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Issue 10.4 ('Extreme Programming')
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HOTP Authentication

Generate one-time passwords with Google Authenticator App and validate them in Real Studio

Issue: 10.4 (May/June 2012)
Author: Mattias Sandström
Author Bio: Mattias is the programming CEO of Tangix Design & Development AB located in Sweden.
Article Description: No description available.
Article Length (in bytes): 21,443
Starting Page Number: 40
Article Number: 10407
Resource File(s):

Download Icon project10407.zip Updated: 2012-05-02 11:36:34

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Excerpt of article text...

I hate static passwords! I cringe when I hear people using the same password for several systems, especially if they are static. In a previous article (RBD 7.5, July/August 2009) I looked at how to implement the Yubikey two-factor authentication that avoids static password but requires some kind of authentication service to be present. In this article I will describe another two-factor authentication system that does not rely on an authentication service but instead can handle the authentication locally.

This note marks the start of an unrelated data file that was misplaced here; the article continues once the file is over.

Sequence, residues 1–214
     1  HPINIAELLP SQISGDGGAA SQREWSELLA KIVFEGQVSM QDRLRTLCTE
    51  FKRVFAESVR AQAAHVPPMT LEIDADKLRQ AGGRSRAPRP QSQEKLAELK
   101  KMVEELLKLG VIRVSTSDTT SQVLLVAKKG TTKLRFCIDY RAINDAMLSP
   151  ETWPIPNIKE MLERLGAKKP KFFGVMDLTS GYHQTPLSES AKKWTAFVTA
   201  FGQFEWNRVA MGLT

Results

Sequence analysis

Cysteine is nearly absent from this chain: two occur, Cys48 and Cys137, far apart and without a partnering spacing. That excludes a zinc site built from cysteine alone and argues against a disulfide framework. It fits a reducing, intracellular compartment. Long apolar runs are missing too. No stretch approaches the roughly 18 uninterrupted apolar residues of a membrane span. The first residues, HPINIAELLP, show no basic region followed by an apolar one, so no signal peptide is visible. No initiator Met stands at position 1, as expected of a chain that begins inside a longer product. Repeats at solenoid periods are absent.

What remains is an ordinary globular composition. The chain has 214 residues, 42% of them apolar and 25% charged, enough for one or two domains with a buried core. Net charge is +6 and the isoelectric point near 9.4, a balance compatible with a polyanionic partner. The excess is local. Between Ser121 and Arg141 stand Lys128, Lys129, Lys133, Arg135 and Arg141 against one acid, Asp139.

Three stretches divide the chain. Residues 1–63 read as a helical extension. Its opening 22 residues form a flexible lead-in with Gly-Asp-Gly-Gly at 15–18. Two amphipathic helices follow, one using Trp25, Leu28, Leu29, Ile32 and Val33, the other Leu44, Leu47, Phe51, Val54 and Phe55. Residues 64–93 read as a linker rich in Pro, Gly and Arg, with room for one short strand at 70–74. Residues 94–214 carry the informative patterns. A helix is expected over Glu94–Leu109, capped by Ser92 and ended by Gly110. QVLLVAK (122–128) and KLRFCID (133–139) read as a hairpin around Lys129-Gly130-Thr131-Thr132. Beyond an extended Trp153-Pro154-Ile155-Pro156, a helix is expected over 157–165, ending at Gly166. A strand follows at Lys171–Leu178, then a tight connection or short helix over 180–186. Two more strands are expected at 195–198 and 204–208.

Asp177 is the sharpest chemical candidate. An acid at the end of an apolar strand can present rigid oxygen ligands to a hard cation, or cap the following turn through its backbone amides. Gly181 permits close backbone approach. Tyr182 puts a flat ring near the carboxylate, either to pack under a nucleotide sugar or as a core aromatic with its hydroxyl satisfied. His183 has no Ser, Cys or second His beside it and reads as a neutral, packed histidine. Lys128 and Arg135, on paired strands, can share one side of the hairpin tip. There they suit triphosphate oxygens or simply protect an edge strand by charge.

My personal crusade for non-static passwords continues with a look at how to implement the HMAC-Based One-Time Password algorithm (or HOTP for short) together with the Google Authenticator smartphone app. A typical application for HOTP is for login to systems where authentication above a username and password combination is required, either for security or practical reasons.

Example of one-time-password systems

As an example, imagine a point-of-sales system where, for speed reasons and convenience, a clerk is able to open the register using a simple PIN. A PIN is perfect for the clerk for speed reasons but the PIN can be easily seen and remembered by an unauthorized person. However, the clerk's access level to the system is most likely limited and the PIN can only be used for the daily operations. Let us now add a manager with complete access to the system -- do we want him to access all of the administrative functions just using a simple PIN? The answer is most likely no, and a possible solution would be to let the manager use a static PIN followed by a non-static HOTP -- a basic two-factor authentication solution.

Another example of an HOTP application would be a web-service where we would like to protect the system from unauthorized access using a username and password combination that has been recorded by a malicious person. For convenience (the enemy of security!) the system has been designed to only require an HOTP when the user connects from a new IP-address. By this simple solution, the username and password captured by the malicious person is useless (unless of course the malicious user logins is on the same computer as the legitimate user).

HOTP and Google Authenticator App

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